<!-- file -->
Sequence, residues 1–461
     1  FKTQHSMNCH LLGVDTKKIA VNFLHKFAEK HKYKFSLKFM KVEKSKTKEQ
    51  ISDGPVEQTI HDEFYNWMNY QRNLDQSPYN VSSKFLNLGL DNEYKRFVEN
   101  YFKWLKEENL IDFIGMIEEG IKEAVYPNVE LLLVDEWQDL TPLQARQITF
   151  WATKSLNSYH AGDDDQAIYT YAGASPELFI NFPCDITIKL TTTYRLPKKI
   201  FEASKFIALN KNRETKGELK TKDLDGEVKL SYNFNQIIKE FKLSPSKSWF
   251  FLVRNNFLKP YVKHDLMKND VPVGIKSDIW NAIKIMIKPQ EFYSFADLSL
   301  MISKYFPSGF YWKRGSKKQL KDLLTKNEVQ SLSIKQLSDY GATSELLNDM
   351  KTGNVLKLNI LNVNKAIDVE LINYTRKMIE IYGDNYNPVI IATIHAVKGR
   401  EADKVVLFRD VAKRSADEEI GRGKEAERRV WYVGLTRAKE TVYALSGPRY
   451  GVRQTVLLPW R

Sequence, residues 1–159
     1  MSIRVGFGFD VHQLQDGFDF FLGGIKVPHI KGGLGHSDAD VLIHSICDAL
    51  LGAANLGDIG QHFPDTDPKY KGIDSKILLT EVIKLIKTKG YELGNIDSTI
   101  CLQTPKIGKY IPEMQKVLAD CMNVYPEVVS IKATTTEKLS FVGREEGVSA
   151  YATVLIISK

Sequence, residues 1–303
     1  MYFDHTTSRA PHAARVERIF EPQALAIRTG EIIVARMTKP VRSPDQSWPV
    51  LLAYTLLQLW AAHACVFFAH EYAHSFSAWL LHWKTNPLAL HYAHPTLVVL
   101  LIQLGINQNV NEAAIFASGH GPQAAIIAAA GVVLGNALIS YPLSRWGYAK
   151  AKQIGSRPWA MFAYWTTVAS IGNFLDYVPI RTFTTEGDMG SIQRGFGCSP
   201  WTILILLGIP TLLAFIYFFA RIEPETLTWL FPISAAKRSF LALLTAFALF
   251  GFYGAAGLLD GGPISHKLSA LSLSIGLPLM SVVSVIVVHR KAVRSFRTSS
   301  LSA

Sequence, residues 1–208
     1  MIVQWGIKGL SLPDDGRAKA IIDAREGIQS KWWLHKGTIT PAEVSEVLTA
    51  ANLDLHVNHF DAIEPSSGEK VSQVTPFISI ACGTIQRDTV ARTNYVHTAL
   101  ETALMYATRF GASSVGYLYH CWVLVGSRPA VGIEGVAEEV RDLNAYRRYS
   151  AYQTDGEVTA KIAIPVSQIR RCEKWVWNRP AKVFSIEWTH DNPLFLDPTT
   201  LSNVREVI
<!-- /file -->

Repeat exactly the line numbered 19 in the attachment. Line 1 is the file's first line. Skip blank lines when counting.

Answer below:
    51  LLAYTLLQLW AAHACVFFAH EYAHSFSAWL LHWKTNPLAL HYAHPTLVVL